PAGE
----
Written by By Sophie Soames, CNN
Looking to employ an extra pair of hands during the festive season? A controversial proposal in Brussels wants to give you extra protection.
The European Parliament has agreed to the strongest legislation for gig workers since the World Trade Organization’s (WTO) General Agreement on Tariffs and Trade (GATT) of 1994.
The law, first introduced in 2004, gives certain conditions workers must comply with in order to receive a maximum of 27 hours’ work per week without overtime payments.
However, a debate is continuing, with a deal still being thrashed out regarding a further revision. If passed, the draft will also give Gig Economy workers — those who have flexible contracts — statutory paid leave from January 1 2019 onwards.
As well as better accommodation and working conditions, gig workers will also be granted all the rights granted to employees in regular employment contracts, including maternity leave, paternity leave and the right to a minimum amount of overtime.
“Unions have welcomed the package of reforms,” said Marta Homoy-Steindl, head of social protection policy at the European Trade Union Confederation. “Member states are capable of introducing the reforms on their own, and not rely on the Commission.”
The issue was further promoted by the UK’s May 2017 Brexit vote , which caused uncertainty among British workers in this new environment.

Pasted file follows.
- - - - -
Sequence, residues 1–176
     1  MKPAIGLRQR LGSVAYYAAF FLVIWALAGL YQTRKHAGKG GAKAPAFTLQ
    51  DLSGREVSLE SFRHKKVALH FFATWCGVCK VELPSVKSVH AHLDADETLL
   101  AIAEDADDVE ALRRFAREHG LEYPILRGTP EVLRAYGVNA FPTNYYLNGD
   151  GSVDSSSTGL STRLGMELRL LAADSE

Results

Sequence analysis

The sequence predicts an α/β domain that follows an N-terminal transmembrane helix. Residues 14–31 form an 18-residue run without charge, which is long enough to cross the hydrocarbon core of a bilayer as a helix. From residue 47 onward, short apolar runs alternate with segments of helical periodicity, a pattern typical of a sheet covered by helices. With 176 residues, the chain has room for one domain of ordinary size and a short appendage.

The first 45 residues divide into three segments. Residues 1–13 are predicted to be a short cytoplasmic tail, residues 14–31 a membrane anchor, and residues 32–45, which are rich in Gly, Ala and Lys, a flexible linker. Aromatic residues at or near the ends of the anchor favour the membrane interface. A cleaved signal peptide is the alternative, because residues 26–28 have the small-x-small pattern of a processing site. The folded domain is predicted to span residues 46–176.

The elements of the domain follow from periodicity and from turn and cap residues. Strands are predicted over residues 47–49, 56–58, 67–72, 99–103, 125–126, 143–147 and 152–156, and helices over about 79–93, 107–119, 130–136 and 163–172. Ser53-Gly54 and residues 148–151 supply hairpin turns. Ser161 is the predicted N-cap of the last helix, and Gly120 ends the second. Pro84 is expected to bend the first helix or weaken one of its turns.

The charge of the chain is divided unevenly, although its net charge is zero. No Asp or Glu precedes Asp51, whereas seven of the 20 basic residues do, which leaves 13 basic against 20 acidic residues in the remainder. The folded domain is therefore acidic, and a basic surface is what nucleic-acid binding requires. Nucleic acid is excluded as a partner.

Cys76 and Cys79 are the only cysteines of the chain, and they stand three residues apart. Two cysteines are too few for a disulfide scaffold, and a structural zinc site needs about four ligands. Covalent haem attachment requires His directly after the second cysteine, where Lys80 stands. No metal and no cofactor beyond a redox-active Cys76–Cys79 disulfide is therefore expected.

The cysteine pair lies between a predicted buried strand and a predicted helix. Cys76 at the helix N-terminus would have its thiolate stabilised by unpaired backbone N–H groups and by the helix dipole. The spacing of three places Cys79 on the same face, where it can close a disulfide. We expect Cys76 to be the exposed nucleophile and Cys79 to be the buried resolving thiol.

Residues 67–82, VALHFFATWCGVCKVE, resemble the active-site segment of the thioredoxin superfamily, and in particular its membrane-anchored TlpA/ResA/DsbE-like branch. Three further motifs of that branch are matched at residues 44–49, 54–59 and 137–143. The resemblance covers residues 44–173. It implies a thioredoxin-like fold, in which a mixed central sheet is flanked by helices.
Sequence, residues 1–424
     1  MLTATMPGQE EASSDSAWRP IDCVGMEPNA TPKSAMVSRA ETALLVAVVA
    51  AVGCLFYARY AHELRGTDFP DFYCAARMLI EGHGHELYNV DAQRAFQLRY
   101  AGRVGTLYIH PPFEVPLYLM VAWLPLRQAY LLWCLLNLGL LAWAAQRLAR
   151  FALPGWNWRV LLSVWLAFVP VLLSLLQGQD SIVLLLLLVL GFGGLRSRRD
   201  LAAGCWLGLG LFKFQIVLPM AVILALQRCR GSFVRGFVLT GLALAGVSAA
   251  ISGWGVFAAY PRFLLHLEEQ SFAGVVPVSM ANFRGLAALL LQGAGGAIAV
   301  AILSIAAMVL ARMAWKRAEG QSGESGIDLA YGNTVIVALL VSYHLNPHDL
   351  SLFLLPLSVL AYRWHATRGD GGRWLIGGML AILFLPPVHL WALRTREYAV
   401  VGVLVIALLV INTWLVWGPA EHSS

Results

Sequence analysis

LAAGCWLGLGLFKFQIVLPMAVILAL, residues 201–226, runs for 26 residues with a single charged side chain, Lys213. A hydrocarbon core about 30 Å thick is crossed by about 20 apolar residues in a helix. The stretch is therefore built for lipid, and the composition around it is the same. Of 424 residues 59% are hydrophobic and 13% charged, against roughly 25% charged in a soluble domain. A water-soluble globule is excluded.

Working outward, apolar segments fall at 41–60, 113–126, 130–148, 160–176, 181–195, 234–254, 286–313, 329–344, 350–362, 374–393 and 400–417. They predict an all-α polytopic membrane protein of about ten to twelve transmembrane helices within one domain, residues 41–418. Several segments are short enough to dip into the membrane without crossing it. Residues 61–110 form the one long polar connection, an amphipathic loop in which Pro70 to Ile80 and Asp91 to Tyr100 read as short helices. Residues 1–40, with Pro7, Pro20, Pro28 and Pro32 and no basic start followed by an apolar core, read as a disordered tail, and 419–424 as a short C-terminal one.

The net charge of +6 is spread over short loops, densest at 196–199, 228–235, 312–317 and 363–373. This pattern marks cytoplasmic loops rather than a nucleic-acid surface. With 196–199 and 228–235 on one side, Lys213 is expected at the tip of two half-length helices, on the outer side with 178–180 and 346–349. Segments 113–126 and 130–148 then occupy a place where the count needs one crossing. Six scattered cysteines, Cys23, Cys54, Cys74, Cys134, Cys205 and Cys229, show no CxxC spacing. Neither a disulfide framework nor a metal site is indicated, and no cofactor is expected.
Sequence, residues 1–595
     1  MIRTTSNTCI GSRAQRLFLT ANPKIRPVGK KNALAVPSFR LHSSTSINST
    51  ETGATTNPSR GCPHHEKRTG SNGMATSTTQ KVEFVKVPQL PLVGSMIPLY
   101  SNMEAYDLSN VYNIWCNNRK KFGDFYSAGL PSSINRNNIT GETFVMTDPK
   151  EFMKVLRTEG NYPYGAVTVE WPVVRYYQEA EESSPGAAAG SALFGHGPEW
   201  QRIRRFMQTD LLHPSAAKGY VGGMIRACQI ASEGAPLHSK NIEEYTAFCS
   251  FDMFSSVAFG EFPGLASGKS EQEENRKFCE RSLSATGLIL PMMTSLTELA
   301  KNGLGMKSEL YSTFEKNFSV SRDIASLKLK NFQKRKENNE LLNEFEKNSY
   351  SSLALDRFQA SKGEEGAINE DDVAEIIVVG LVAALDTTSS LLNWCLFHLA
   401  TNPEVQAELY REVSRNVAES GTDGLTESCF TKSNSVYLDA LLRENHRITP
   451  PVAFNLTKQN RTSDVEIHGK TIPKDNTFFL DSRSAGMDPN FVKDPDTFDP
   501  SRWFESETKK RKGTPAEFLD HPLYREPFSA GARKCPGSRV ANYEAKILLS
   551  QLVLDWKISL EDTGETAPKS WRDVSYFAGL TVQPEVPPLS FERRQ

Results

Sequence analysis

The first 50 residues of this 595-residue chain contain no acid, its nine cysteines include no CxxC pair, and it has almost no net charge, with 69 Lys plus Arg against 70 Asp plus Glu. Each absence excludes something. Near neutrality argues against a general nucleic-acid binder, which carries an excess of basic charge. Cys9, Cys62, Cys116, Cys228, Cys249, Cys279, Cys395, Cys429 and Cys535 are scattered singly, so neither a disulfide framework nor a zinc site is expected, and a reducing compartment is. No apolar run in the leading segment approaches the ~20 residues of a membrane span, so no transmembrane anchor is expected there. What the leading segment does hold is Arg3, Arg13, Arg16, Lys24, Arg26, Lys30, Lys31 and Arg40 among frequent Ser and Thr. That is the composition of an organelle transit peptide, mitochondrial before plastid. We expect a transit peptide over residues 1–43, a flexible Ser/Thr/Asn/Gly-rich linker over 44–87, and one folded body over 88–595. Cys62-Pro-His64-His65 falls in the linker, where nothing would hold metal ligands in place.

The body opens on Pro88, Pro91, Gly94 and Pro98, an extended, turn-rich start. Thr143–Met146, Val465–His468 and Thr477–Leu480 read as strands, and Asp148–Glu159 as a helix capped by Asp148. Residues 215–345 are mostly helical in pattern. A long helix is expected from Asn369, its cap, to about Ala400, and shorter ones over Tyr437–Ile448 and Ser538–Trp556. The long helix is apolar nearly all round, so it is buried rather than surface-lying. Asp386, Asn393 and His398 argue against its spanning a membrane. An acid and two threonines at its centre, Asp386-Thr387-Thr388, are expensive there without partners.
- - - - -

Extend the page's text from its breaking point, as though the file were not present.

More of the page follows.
“The election of Donald Trump in the US and the Brexit referendum in the UK led to increased concern over the impact of the gig economy on workers,” said Aliya Chibber, a labor lawyer at international law firm Linklaters LLP.
“This has given rise to a coalition of workers to lobby for better protections and rights as well as to regulate the gig economy to give workers clarity about their rights and obligations.”
In the US, the launch of Uber’s labor service UberEVERYDAY sparked protests from employees and regulators. This is just one of several job-related changes that Uber made in the past two years, resulting in more than 200 lawsuits and a small-claims battle with California’s Franchise Tax Board — to name but a few.
Under the EU’s draft proposal, there will be three to four weeks’ paid vacation for gig workers, meaning holiday would apply to both male and female gig workers, as well as measures relating to maternity leave, paternity leave and minimum hours of work.
The proposal is also a step in the right direction for workers’ rights, but remains vague in some ways, said Janet Forrest, research professor at the London School of Economics.
“While the proposals will help all workers, they leave out gig workers, and the new emphasis on maternity leave doesn’t necessarily reflect issues that we have seen in the UK with an array of work without maternity leave.”
But, according to Daniel West, partner at the global law firm at Hogan Lovells, the regulation will not have a major impact on the flexibility of the gig economy.
“These provisions are unlikely to deter gig businesses from offering flexible working arrangements in the way they do today and, with the considerable flexibility provided by technological innovation, companies will no doubt exploit all of the provisions in this draft to increase efficiency.”